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Against All Odds, Women Miners Strive For the Best

Several women have taken up artisanal mining in uMzingwane district as a source of livelihood. Image by New Gold Inc

Mining at Umzingwane has been largely a men’s job, but women are slowly making inroads to improve their livelihoods and boost scanty family incomes.
BY MELODY MPANDE | @The_CBNews | This email address is being protected from spambots. You need JavaScript enabled to view it. | FEB 20, 2023

UMZINGWANE (The Citizen Bulletin) — Clothed in a tattered overall, face dusted red from underground soil and a 14-pound hammer resting on her shoulder, a 36-year-old Ntombizodwa Mpande sets off for a short lunch break.
Mpande alongside her two female partners have been working since dawn in the 26 metre deep hand-dug gold shaft, tramping down and out, carrying sacks on their backs packed with gold ore.
Their conversation only revolves around estimates of how much they will make from their one load which still has to be taken to a mill about 10 km away.

“Notwithstanding the rudimentary methods used in artisanal mining, we still wield picks and shovels everyday alongside men in search of gold. I have a family to feed.”
Ntombizodwa Mpande, small-scale female miner

Mpande and her two partners religiously leave their homes each day when the first cock crows to join several other women who have taken up artisanal mining in Umzingwane, Matabeleland South.
Umzingwane district sits on the greenstone gold belt which hosts gold producing giants including eNtabeni ende and Eureka mines.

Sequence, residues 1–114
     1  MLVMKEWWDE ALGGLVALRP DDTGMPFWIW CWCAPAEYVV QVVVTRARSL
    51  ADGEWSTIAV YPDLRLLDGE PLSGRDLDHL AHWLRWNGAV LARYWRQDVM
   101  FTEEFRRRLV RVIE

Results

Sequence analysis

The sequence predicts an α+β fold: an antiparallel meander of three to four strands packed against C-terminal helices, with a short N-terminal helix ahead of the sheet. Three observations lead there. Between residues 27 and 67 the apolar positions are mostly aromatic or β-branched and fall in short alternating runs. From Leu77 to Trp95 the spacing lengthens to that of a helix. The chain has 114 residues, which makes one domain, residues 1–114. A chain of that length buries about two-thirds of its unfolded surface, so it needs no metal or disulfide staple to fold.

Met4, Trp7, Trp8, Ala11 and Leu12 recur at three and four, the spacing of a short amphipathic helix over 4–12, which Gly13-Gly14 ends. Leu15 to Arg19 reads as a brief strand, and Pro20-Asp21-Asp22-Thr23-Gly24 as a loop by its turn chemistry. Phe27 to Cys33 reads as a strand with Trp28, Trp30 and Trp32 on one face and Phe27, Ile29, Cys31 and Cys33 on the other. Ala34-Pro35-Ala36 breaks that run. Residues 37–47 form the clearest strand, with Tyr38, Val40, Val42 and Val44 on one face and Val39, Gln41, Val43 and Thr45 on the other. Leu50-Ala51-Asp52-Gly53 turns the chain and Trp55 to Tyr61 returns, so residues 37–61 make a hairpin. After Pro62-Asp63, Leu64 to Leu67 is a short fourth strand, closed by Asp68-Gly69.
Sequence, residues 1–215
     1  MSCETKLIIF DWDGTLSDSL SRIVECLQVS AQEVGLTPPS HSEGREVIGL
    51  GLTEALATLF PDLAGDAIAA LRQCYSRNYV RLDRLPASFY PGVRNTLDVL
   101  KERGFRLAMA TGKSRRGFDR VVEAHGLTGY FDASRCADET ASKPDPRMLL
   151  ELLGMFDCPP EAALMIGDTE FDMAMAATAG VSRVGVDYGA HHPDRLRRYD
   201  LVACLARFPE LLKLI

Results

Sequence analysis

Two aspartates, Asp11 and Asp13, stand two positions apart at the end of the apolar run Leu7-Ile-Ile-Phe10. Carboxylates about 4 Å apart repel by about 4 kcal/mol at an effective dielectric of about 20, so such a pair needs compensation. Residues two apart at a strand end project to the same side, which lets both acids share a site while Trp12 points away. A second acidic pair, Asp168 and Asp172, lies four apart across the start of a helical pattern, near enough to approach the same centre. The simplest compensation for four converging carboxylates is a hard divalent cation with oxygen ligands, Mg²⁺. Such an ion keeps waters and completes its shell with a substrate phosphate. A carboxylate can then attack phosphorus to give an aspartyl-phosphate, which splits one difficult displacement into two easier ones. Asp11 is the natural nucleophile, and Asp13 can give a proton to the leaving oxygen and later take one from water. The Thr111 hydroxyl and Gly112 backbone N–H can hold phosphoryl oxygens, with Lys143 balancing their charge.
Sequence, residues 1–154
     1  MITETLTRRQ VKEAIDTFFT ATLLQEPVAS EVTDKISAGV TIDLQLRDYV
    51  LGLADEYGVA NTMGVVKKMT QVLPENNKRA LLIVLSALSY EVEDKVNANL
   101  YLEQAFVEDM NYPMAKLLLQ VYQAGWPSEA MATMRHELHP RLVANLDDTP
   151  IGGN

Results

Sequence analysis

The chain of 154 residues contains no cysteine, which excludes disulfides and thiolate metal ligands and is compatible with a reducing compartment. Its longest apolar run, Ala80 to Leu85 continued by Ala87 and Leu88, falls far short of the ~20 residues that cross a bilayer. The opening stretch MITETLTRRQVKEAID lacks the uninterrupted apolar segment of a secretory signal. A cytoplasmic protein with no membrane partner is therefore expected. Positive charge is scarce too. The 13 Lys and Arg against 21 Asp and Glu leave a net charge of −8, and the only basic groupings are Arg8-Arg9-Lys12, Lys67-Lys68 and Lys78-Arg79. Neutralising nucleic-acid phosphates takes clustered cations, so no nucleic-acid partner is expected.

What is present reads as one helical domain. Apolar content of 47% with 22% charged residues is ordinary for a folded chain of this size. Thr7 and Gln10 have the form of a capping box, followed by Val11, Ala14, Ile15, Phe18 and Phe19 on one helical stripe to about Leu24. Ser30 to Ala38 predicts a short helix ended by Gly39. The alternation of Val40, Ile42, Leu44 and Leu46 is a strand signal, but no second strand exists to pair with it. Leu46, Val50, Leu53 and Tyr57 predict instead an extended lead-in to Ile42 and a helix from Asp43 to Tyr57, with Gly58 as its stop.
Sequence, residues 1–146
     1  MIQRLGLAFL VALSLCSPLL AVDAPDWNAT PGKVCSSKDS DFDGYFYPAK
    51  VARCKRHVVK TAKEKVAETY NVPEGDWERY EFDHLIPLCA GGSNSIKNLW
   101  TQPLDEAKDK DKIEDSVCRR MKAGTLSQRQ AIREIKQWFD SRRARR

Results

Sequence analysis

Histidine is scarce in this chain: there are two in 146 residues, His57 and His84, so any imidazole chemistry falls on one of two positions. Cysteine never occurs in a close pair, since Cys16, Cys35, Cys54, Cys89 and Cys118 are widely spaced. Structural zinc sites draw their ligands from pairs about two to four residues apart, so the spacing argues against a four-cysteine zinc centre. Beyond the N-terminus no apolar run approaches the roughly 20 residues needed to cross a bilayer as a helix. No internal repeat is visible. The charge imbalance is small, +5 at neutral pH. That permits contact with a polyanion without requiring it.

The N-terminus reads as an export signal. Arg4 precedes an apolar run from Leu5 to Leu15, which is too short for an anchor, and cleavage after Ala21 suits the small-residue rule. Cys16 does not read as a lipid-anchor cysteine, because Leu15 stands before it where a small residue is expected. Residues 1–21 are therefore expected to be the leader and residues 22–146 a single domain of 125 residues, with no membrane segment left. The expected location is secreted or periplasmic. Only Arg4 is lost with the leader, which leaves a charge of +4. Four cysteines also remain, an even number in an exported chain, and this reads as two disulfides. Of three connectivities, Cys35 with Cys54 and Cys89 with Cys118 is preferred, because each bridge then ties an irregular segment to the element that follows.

Mpande says artisanal mining has sustained her family for years.
From a good load, Mpande says they make up to 17grammes, which they then sell to local gold buyers at US$50 a gram.
“Transporting a load costs US$50, and truck loaders charge $10 for the same quantity. The millers charge US$5 per hour and a load usually takes up to 12 hours,” says Mpande.
“We normally share about US$200 per load which helps me to single-handedly feed, clothe and pay for my children's school fees.”

Her partner, Gertrude Moyo, 27, also sees small-scale mining as a source of livelihood.

Small-scale female artisanal miners say they make up to 17grammes, which they then sell to local gold buyers at US$50 a gram. Image by IISD

“I’m married, but my husband has been going through a bad patch, so I have been looking after the family for a while now,” Moyo says.
Before becoming a miner, Moyo says she perceived mining as male dominated.
But all those perceptions vanished the moment she became a miner herself, she adds.

“Women like myself used to think that mining is only for men, but we have found that there is nothing men can do that we cannot. So I challenge other women to come on board.”
Gertrude Moyo, another small-scale female miner

Sabelo Mhlanga, a 26-year-old third partner, says women can compete equally with their male counterparts in the mining sector.
“I have equipped myself with the skills and knowledge to work on the same level as men,” she explains.
“Women have demonstrated that they can work equally as hard and perform as well as their male counterparts,” says Alice Masawi, an advocate for women empowerment and rights in Matabeleland South.

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She urged the central government to come up with policies to encourage equal opportunities for both men and women in the mining sector.
“There's a need for the central government to extend to women training programmes that male artisanal miners receive,” says Masawi.
“If women were to be equally trained alongside men, many would succeed professionally in the mining sector.”

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